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fx-discuss: fx-discuss: FC: Cypherpunk breaks CIA's crypto code in 1990 statue (fwd)

fx-discuss: FC: Cypherpunk breaks CIA's crypto code in 1990 statue (fwd)

Corey Lindsly (
Wed, 16 Jun 1999 21:26:46 -0700 (PDT)

hey Jim;

this wouldn't happen to be you, would it?

and if so, how come there was no FX claim made about it first? ;)


>From Wed Jun 16 21:10 PDT 1999
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From: Declan McCullagh <> Subject: FC: Cypherpunk breaks CIA's crypto code in 1990 statue Mime-Version: 1.0
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Date: Wed, 16 Jun 1999 07:49:05 -0400
John Young <>
Subject: Gillogly Cracks CIA Art

So, Jim, what was the message?

June 16, 1999

C.I.A.'s Artistic Enigma Yields All but Final Clue By JOHN MARKOFF

It has stood in a courtyard inside the Central Intelligence Agency for almost a decade, a sculptural mystery inside an enigma.

But last week Jim Gillogly, a Southern California computer scientist, did what has until now been done -- quietly, and incompletely -- only inside the agency's halls.

He succeeded in breaking almost all of a cipher embedded in a sculpture called Kryptos -- the Greek word for "hidden" -- that was dedicated at the C.I.A. in October 1990.


Date: Wed, 16 Jun 1999 07:44:17 -0700
From: Jim Gillogly <>

Organization: Banzai Institute

John Young wrote:
> So, Jim, what was the message?

It's in the sidebar to the article. I must say this was the best experience I've had working with a journalist -- he got everything spot-on. Only the last Q was left off of one of the plaintexts.

I worked from an impressively clean transcription by Doug Gwyn, which you can find at

Here's what I broke (typos are cut into the copper):

  1. Between subtle shading and the absence of light lies the nuance of iqlusion. Keys: KRYPTOS, PALIMPSEST.
  2. It was totally invisible. How's that possible? They used the earth's magnetic field. x The information was gathered and transmitted undergruund to an unknown location. x Does langley know about this? They should: it's buried out there somewhere. x Who knows the exact location? Only WW. This was his last message. x Thirty eight degrees fifty seven minutes six point five seconds north, seventy seven degrees eight minutes forty four seconds west. ID by rows. Keys: KRYPTOS, ABSCISSA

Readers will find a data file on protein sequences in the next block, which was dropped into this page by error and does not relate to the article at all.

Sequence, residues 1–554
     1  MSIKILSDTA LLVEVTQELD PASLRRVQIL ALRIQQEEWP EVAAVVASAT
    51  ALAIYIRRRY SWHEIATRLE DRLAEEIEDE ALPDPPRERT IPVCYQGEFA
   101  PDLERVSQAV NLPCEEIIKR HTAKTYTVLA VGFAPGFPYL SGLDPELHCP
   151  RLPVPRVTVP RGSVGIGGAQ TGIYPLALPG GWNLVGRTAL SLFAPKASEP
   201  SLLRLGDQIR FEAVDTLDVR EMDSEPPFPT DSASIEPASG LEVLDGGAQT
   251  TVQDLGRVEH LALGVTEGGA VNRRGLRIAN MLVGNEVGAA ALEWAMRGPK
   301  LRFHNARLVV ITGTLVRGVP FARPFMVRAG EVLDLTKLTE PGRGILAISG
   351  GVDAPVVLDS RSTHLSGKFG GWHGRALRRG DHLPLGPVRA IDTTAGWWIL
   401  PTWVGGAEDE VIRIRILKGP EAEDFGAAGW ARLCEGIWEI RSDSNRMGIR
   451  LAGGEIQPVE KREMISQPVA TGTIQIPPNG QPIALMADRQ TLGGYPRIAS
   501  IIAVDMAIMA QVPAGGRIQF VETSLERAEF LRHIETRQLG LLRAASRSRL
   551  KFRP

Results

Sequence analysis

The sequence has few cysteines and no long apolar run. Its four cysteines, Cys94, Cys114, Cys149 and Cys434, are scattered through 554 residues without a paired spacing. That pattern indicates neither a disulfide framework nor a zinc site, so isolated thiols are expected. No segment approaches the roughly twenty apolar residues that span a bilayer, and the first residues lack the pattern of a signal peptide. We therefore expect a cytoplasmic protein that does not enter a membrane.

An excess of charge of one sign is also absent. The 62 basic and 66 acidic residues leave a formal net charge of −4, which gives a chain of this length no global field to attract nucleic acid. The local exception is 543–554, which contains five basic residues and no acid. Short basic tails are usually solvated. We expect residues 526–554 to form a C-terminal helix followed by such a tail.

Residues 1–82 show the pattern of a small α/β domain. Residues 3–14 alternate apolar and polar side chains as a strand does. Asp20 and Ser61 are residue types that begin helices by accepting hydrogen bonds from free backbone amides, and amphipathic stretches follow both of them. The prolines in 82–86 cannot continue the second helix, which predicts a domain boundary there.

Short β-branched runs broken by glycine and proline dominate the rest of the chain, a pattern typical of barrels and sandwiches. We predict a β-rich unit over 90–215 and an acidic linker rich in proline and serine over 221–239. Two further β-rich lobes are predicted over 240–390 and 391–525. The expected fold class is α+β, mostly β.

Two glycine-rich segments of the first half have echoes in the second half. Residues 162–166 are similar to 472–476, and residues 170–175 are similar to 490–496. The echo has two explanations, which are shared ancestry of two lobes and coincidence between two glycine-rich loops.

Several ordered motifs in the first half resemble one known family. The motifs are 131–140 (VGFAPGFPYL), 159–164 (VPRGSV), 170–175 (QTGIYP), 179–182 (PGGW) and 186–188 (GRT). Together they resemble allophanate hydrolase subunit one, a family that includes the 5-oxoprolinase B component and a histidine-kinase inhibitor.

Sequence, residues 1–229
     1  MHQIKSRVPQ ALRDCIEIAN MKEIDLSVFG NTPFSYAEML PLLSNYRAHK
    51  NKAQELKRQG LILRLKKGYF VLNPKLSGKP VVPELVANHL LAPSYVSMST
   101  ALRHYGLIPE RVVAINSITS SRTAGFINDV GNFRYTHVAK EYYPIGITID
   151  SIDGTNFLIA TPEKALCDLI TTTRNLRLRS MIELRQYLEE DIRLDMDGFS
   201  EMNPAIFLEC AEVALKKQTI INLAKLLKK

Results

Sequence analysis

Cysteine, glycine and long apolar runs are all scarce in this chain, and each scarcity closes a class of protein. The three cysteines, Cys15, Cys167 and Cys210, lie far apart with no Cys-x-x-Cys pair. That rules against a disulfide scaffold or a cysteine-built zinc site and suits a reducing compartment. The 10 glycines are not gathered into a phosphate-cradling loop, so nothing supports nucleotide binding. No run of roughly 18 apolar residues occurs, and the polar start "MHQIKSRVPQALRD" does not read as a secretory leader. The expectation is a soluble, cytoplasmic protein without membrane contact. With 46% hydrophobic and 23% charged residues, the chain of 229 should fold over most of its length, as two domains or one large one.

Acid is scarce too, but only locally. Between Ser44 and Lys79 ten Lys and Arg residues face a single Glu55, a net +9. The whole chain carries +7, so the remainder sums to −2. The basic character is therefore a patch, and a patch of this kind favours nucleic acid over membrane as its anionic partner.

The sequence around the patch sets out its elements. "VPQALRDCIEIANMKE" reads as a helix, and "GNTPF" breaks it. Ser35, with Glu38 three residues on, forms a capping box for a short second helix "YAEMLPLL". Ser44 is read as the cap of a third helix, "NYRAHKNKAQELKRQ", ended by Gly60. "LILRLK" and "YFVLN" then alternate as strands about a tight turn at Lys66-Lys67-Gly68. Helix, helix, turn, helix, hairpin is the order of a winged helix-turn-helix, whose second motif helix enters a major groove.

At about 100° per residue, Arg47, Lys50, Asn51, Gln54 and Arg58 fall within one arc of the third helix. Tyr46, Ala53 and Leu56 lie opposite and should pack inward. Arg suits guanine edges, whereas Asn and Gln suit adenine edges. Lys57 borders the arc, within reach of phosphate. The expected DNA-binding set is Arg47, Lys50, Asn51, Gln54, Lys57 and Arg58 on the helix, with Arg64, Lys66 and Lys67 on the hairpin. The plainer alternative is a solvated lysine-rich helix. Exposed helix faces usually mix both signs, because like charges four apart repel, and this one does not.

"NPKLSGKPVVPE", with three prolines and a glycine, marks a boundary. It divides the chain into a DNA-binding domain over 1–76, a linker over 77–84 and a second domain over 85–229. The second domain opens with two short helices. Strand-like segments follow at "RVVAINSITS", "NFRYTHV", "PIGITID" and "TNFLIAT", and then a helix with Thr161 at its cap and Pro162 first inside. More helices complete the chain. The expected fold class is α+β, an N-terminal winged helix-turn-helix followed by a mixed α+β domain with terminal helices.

3. Slowly, desparatly slowly, the remains of passage debris that encumbered the lower part of the doorway was removed. With trembling hands I made a tiny breach in the upper left-hand corner. And then, widening the hole a little, I inserted the candle and peered in. The hot air escaping from the chamber caused the flame to flicker, but presently details of the room within emerged from the mist. x Can you see anything? q Keys: three columnar transpositions.

Here are the last 97 characters, which I haven't broken:


I suspect it's running key, or combined polyalphabetic sub and transposition, or perhaps autokey. The only likely periodicity appears to be at period 25, but that may well just be chance.

The lat-long in the second section are near Langley and McLean, Virginia. Perhaps some cypherpunks with GPS receivers could narrow it down a bit. ABC News thinks it's right at the spot where the sculpture sits, but I'd find that surprising given the text. The third section is adapted from Howard Carter's first-person account of opening Tutankhamun's tomb, and the response to the question was "Yes, wonderful things." Perhaps that's a crib for the last section.

	Jim Gillogly
	26 Forelithe S.R. 1999, 14:29, 5 Imix 9 Zotz, Second Lord of Night

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----- End of forwarded message from Declan McCullagh -----